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Kristen Stewart, Ella Balinska and Naomi Scott star in Charlie's Angels.

Merie Weismiller Wallace/Sony Pictures

  • Charlie’s Angels
  • Written and directed by: Elizabeth Banks
  • Starring: Kristen Stewart, Naomi Scott and Ella Balinska
  • Classification: PG; 118 minutes

rating

Deep inside the new Charlie’s Angels movie, there is a fun film struggling to breathe. There are momentary flashes of energy, of wit, of something sorta-kinda-maybe resembling entertainment. But every time writer-director Elizabeth Banks’s reboot threatens to come alive, it immediately falls to the floor, leaden and lifeless.

Common wisdom would lay most of the blame with the film’s conception: Sixteen years after the last big-screen Charlie’s Angels, who was really in need of another mission? Yet the only surprise with a Charlie’s Angels 3.0, or whatever we’re calling it, is that it took so long to happen in the first place. The idea of three highly skilled women taking down bad guys on the orders of a mysterious benefactor is a fine enough one to revisit, repeat and rework – certainly, the past few years have been crowded with worse, more malignantly intentioned franchise resurrections. But in bringing back the Angels for today’s audiences, Banks and her team have gone wildly, egregiously off-course.

New in theatres this weekend: The flat Ford v Ferrari, the con The Good Liar and the unheavenly Charlie’s Angels

This is an action movie without action. A comedy without laughs. An empowerment tale that threatens to disenfranchise. Everything that Charlie’s Angels seemingly hoped to accomplish in its inception is instantly reversed once executed. The end result is almost remarkable. Late into the dying days of 2019, we have been gifted the first ever anti-film.

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Mostly, it’s an issue of tone. Scene to scene, Charlie’s Angels is unsure as to what it wants to be. There are scattered hints that Banks aimed to make something of a meta alt-comedy, which makes sense given her background on projects such as Wet Hot American Summer and the Pitch Perfect films (yes, I will go to bat for the a-capella-centric trilogy, which is genuinely weird and delightful).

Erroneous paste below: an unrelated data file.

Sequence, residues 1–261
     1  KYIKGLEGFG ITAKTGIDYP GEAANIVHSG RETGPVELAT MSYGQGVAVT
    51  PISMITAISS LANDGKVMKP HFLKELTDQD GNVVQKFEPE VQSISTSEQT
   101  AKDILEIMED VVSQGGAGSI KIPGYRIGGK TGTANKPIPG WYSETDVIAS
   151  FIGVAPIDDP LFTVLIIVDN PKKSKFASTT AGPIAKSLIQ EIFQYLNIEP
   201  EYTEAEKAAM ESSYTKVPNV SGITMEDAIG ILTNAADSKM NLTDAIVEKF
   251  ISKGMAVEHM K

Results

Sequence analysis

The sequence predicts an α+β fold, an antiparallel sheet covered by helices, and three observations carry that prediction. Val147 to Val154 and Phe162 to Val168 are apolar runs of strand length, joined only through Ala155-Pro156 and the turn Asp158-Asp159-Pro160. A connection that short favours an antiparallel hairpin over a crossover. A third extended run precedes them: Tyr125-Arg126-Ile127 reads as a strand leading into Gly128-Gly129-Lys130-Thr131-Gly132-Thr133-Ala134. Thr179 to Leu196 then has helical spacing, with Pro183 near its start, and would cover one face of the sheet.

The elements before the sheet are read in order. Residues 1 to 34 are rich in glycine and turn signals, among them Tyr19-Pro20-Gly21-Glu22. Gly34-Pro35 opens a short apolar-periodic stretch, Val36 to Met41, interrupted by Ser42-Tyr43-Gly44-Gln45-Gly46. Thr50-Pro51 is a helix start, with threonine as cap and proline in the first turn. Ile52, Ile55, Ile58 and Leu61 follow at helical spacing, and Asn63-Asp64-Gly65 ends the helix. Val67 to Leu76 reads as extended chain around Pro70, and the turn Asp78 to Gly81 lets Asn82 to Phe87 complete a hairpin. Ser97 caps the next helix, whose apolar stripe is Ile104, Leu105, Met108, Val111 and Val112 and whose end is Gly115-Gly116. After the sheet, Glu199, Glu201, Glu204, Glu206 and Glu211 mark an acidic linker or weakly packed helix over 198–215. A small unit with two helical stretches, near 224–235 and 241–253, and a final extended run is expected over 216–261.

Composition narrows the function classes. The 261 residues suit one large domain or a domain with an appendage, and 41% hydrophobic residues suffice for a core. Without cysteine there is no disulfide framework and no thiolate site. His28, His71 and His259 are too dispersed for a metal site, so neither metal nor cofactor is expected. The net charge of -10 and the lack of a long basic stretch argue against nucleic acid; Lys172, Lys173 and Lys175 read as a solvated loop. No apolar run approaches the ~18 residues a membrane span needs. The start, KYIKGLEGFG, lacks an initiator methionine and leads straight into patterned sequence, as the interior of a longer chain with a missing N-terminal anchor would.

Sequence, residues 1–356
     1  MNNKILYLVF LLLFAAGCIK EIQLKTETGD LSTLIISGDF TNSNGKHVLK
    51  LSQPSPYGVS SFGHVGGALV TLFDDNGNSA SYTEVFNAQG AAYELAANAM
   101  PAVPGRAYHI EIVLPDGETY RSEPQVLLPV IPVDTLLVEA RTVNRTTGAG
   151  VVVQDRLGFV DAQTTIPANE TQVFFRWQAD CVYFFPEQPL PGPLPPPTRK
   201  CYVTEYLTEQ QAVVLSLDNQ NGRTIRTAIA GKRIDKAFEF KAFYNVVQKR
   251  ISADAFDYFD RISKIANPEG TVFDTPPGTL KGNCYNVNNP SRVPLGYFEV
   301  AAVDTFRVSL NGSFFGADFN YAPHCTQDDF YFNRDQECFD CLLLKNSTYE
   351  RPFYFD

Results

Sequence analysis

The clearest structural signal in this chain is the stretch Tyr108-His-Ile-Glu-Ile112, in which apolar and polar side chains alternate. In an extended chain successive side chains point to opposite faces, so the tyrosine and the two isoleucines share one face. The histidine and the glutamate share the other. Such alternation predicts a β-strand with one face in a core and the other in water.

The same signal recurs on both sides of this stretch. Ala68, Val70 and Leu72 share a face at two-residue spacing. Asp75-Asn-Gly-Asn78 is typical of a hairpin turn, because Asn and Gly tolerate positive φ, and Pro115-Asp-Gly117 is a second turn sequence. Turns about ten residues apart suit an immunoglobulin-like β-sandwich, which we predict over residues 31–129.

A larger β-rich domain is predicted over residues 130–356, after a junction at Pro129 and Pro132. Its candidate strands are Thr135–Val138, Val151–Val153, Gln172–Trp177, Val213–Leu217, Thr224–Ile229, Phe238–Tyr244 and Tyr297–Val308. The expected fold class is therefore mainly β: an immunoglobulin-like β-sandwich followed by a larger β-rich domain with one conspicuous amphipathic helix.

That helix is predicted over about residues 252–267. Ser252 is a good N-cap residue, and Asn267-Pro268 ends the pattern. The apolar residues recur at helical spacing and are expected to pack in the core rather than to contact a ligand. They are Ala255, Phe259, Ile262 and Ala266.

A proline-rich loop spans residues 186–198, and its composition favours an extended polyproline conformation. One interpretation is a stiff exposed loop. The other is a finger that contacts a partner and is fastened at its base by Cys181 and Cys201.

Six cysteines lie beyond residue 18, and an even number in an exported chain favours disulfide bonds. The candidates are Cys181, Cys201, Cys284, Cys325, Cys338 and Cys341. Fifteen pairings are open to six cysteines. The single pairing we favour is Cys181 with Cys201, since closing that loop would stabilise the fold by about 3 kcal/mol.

As characters, the three Angels are ciphers – the funny one, the serious one and the smart one.

Merie Weismiller Wallace/Sony Pictures

Throughout Charlie’s Angels, Banks inserts a handful of dark gags and peppers her star Kristen Stewart’s dialogue with off-hand digs at the ridiculousness of what’s happening on-screen. Yet every such attempt at humour is immediately undercut, either by odd editing decisions or abrupt plot swerves that reek of creative cold feet. Or maybe postproduction malfeasance. Either way, the film acts as its own heckler.

We could spend a lot more time talking about the strangely flat action scenes – when you set a film in Germany and have your heroes hop into a Lamborghini, don’t you want to then send them on a thrilling chase on the Autobahn? Charlie’s Angels is here to say: nein – the total ciphers that the heroes remain to the bitter end. (Stewart is the funny one, Ella Balinska is the serious one and Naomi Scott is the smart one. That’s it.)

We could also spend hours (all right, maybe just a few minutes) questioning why, when given the total open sandbox of the feature-film storytelling, Banks chose to rehash so much of the original movies’ plots, which were not exactly inspired to begin with. There’s the creepy and wordless assassin with stylish hair (Crispin Glover the first time around, Jonathan Tucker here), the next-gen tech plot MacGuffin (voice-recognition software in 2000, an electromagnetic pulse device here) and the good guy who goes bad (Sam Rockwell way back when, and now another big-name actor whose name I won’t reveal, but only because I’m so very tired).

Just because your movie is based on a campy television show and deep into sequel territory doesn’t mean that you’re afforded the easiness of low audience expectations – the Mission: Impossible films are out in the world right now, proving exactly the opposite.

But the more serious and insulting misstep of Banks’s film is its confusion of progressive politics with regressive action. Similar to this past spring’s Captain Marvel, Charlie’s Angels pushes its feminism bona fides hard and fast. The first words uttered on-screen are, “I think women can do anything.” A few minutes later, there’s a cheery montage of young girls from around the world laughing, learning, dancing, snowboarding, bicycling, swimming, yeah! But then the movie proceeds to distill feminism into ... the ability to act as an unchecked paramilitary force of bad-asses who kill for a living? The power to exhibit exactly one character trait? An appreciation for cheese and a passion for vocalizing said desire as though you were a talking coffee mug found at HomeSense?

Banks’s camera certainly avoids the pervy leer of her franchise predecessor McG, who spent so much of his 2000 and 2003 films focused on Cameron Diaz’s underwear. But if this ostensibly more socially conscious Charlie’s Angels actually wants to escape its intellectual property’s patriarchal past – this is all based on an Aaron Spelling show that opened with the words, “Once upon a time there were three little girls who went to the police academy ... but I took them away from all of that and now they work for me” – then it needs to treat its heroes as actual characters worth investing in, not narratively convenient objects.

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Don’t cry for these Angels – they’re already dead.

Charlie’s Angels opens Nov. 15

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